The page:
Rd8 $2 {The wrong rook.} (33... Rd6 {should win the game, e.g.} 34. Be4 Rb8 35.
Bb1 Bxb1 36. Rxb1 Rxd7 37. Rfd1 Rc7 38. Kg2 Rc2) 34. Rxd4 b1=Q 35. Rxb1 Bxb1
36. Bd5 Kf7 37. Ra4 $1 {With the a-pawn dropping, it's a draw.} Rxd7 38. Bxe6+
Kxe6 39. Rxa5 Rd2 40. Kf1 Ba2 41. Rc5 Rd1+ 42. Kg2 Re1 43. Kf3 Kd6 44. Rc2 Bb3
45. Rb2 Bc4 46. Ke3 Ke5 47. Rc2 Ba6 48. f3 Ra1 49. Rc5+ Kd6 50. Ra5 Bc4 51. Ra7
Ke5 52. Rxg7 Ra2 53. Re7+ Kf6 54. Re4 Rxe2+ 55. Kf4 Rc2 56. Re3 Bd5 1/2-1/2
[Event "Sochi"]
[Site "Sochi"]
[Date "2021.07.25"]
[Round "5.1"]
[White "Tabatabaei, M. Amin"]
[Black "Martirosyan, Haik M."]
[Result "0-1"]
[ECO "E46"]
[WhiteElo "2613"]
[BlackElo "2632"]
[Annotator "Bojkov,Dejan"]
[PlyCount "122"]
[EventDate "2021.??.??"]
1. d4 Nf6 2. c4 e6 3. Nc3 Bb4 4. e3 O-O 5. Bd2 c5 6. a3 Bxc3 {Martirosyan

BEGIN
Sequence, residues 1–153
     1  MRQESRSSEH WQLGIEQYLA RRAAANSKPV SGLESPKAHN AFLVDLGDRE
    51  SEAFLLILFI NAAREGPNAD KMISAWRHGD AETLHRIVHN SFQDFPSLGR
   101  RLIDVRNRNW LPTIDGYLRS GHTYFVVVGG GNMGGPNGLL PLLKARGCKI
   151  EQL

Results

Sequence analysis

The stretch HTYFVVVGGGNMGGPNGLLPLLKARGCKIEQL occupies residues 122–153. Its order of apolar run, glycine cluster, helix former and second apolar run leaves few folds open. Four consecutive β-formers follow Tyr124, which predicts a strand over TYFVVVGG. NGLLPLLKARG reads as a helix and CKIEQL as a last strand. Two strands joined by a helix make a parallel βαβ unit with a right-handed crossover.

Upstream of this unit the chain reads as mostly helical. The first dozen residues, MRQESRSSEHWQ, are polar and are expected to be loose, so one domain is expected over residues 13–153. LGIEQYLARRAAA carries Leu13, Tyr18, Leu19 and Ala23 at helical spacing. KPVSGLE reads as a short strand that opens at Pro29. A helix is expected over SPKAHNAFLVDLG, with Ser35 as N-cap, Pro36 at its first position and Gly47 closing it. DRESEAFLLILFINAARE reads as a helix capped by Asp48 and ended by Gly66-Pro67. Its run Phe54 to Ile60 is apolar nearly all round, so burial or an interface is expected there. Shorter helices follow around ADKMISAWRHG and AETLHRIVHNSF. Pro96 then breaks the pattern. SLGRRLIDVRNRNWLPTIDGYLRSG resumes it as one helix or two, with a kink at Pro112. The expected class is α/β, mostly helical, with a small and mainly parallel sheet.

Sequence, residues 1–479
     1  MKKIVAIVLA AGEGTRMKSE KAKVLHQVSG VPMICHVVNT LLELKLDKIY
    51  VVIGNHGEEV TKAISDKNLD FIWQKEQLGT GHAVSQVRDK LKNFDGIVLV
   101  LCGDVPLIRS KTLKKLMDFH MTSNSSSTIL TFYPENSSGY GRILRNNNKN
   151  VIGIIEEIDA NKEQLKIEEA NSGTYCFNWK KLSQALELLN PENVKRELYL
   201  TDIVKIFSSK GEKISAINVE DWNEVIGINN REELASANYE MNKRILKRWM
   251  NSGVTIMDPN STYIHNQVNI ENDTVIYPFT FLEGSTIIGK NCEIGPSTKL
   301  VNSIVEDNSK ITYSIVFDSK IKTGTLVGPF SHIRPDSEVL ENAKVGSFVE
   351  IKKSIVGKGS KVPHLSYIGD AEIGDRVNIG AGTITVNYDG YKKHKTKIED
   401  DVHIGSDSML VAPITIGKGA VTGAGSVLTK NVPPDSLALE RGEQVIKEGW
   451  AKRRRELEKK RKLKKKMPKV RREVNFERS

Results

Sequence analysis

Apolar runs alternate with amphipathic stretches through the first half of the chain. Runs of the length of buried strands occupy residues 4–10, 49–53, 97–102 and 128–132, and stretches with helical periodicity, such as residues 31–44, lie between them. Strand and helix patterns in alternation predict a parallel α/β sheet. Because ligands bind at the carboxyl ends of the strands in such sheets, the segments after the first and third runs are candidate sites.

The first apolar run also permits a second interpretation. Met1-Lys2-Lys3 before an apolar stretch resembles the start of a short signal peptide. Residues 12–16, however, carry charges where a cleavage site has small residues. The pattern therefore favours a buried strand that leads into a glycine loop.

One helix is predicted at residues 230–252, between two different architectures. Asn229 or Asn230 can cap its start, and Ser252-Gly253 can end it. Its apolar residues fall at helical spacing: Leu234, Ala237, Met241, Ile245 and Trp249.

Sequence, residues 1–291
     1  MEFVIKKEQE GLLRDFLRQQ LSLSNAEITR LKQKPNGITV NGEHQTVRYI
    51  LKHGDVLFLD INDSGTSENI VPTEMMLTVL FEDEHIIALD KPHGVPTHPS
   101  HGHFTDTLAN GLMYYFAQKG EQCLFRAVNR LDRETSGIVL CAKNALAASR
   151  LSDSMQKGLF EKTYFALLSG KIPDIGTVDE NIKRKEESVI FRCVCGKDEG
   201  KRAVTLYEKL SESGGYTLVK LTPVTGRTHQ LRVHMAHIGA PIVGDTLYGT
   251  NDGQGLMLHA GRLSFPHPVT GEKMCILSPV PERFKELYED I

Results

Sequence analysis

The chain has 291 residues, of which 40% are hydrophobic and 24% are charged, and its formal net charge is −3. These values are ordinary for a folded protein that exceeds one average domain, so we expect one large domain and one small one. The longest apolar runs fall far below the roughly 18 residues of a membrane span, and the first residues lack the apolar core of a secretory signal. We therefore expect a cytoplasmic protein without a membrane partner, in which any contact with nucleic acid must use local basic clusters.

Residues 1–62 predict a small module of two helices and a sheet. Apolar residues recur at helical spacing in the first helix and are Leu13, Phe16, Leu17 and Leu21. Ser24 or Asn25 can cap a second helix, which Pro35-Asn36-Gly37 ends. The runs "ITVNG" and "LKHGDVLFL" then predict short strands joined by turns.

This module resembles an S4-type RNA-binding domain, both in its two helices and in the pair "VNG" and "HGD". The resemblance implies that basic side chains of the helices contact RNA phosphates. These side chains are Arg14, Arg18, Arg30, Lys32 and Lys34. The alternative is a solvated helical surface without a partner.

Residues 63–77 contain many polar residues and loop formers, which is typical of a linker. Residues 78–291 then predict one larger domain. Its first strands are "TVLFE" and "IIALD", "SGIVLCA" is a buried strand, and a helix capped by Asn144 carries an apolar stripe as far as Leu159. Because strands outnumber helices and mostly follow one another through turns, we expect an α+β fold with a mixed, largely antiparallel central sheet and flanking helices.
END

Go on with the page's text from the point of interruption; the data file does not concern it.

follows in the footsteps of his great countryman (well, soon-to-represent the
U.S.) Aronian.} 7. Bxc3 Ne4 8. Ne2 ({A few weeks ago, Aronian successfully
defended after} 8. Rc1 b6 9. Nf3 Bb7 10. Be2 Nxc3 11. Rxc3 cxd4 12. exd4 d6 13.
O-O Nd7 14. Qd2 Nf6 {Caruana,F (2820)-Aronian,L (2781) Paris 2021}) 8... b6 9.
d5 Ba6 10. b3 b5 11. Qd3 Nxc3 $146 {A novelty that limits the options of the
opponent.} ({In another game by Aronian, the Armenian number-one chose a
slightly different move order:} 11... exd5 12. Qxd5 Nxc3 13. Nxc3 Qa5 14. Qd2
bxc4 {but this allowed his opponent an additional possibility that he used:}
15. Bxc4 {Still, Black did not experience any problems after} Nc6 16. O-O Bxc4
17. bxc4 Ne5 18. Ne4 Qxd2 19. Nxd2 Rfb8 20. Rfb1 Kf8 21. Kf1 Ke7 {Yuffa,D
(2566)-Aronian,L (2775) Moscow 2019}) 12. Nxc3 bxc4 13. bxc4 exd5 14. Qxd5 {
Tabatabaei wants to exploit the holes in the black pawn structure. Therefore,